Monday, January 10, 2011
Just before Pennsylvania gets a new governor, a disturbing report by The Associated Press suggests that now would be the wrong time to ease up on state regulation and oversight of Marcellus Shale gas drilling.
According to the AP, the state has had difficulty controlling, tracking and minimizing wastewater discharges produced by the drilling technique called hydraulic fracturing, or fracking. The report published in the Post-Gazette last Tuesday said wastewater from fracking is only partially treated for substances that could be environmentally harmful before some of the fluid is dumped into rivers and streams from which Pennsylvanians draw their drinking water.
While most states require drillers to dispose of the liquid by injecting it into shafts thousands of feet deep, the story said Pennsylvania is the only one that lets waterways "serve as the primary disposal place" for frack solution. State records show that during the 12 months ending June 30 more than 3.6 million barrels of the liquid went to treatment plants that empty into rivers. The AP said the state, however, couldn't account for the disposal method for 1.28 million barrels.
Researchers are still trying to determine if such discharges into waterways, at present levels, could cause serious environmental harm. Industry experts say the wastewater is safely diluted when it enters the state's big rivers. Even so, the AP reported, the 10 biggest drillers in Pennsylvania -- which account for 80 percent of the liquid -- have either stopped discharging into waterways or have cut back drastically on the practice. Pennsylvanians should be glad for that.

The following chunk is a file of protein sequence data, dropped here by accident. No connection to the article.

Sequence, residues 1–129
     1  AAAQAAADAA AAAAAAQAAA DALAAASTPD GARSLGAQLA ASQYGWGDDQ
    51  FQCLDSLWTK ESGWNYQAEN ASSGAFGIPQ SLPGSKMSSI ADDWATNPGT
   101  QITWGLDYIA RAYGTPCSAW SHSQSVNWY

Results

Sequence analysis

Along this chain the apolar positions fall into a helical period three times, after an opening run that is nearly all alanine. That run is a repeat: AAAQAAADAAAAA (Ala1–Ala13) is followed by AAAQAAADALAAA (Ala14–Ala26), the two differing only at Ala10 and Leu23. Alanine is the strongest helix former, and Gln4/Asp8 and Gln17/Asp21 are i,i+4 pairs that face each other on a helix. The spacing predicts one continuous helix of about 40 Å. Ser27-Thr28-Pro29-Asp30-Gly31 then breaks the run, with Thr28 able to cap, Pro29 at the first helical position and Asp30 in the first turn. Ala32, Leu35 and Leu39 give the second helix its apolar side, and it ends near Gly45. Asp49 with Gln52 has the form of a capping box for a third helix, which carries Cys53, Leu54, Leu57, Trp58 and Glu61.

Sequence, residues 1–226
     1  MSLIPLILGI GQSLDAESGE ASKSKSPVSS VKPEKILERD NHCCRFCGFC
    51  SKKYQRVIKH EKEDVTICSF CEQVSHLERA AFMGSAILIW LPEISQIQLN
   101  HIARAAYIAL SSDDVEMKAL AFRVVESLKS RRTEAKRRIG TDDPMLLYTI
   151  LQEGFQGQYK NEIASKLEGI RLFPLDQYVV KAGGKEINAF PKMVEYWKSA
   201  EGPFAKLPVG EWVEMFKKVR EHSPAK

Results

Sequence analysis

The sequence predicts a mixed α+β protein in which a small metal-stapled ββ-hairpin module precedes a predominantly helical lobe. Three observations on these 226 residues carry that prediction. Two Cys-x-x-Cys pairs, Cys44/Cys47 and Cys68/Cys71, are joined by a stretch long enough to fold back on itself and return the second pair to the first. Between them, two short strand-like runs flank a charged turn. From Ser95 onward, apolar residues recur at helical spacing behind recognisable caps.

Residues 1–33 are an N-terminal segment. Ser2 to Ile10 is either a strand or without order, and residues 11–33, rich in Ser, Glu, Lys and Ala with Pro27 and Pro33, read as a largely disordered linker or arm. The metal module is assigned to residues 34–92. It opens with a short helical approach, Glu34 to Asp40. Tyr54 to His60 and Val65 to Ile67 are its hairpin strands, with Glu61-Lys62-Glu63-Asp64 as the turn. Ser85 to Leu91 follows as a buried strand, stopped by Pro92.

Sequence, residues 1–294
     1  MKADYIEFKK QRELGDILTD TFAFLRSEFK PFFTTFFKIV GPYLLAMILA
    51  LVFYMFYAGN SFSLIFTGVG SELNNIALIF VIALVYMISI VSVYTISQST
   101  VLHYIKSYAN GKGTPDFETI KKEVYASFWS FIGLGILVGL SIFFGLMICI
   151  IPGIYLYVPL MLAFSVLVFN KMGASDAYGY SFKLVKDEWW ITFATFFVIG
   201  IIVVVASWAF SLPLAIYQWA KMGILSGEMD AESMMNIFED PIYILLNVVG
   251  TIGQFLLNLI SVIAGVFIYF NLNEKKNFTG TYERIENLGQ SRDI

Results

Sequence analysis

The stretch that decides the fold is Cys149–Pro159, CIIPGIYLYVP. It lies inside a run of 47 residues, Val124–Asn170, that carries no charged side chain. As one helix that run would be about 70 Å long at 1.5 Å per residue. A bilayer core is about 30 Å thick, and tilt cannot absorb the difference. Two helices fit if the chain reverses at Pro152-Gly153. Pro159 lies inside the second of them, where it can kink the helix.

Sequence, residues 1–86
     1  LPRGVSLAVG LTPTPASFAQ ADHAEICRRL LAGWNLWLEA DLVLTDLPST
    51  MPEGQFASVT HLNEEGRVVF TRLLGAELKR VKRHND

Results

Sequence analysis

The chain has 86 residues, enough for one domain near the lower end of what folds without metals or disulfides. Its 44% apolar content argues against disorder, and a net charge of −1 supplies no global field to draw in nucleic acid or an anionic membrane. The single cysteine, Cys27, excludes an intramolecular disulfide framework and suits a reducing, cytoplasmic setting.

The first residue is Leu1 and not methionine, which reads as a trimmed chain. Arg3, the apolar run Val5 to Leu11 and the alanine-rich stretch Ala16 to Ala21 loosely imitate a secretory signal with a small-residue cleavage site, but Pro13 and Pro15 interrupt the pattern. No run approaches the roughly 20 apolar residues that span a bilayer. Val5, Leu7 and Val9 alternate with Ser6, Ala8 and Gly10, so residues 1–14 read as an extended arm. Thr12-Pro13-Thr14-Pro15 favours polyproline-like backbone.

John Hanger, secretary of the state Department of Environmental Protection, reacted strongly to the article and resented any implication that Pennsylvania's water supply was in jeopardy. He has worked during his time in the Rendell administration for tougher regulations on the industry, more staff to monitor compliance and more funding for adequate oversight.
But Tom Corbett, who has been much friendlier to the Marcellus Shale drilling industry than Ed Rendell, will be inaugurated as governor on Jan. 18. Mr. Corbett was the big recipient in political contributions from drillers in the 2010 governor's race and he named to his transition team a CEO from a drilling company that donated $125,000 to his campaign. He also has opposed consideration of a severance tax on drilling, a common source of revenue in other states that have deep shale operations.
Add the concerns raised by The Associated Press story to those that deserve greater vigilance by state regulators. The jobs and economic activity from drilling are welcome, but Pennsylvanians have a fundamental right to safe drinking water and an environment unspoiled by new hazards.
First published on January 10, 2011 at 12:00 am
Read more: http://www.post-gazette.com/pg/11010/1116821-192.stm#ixzz1Ae8YLfXl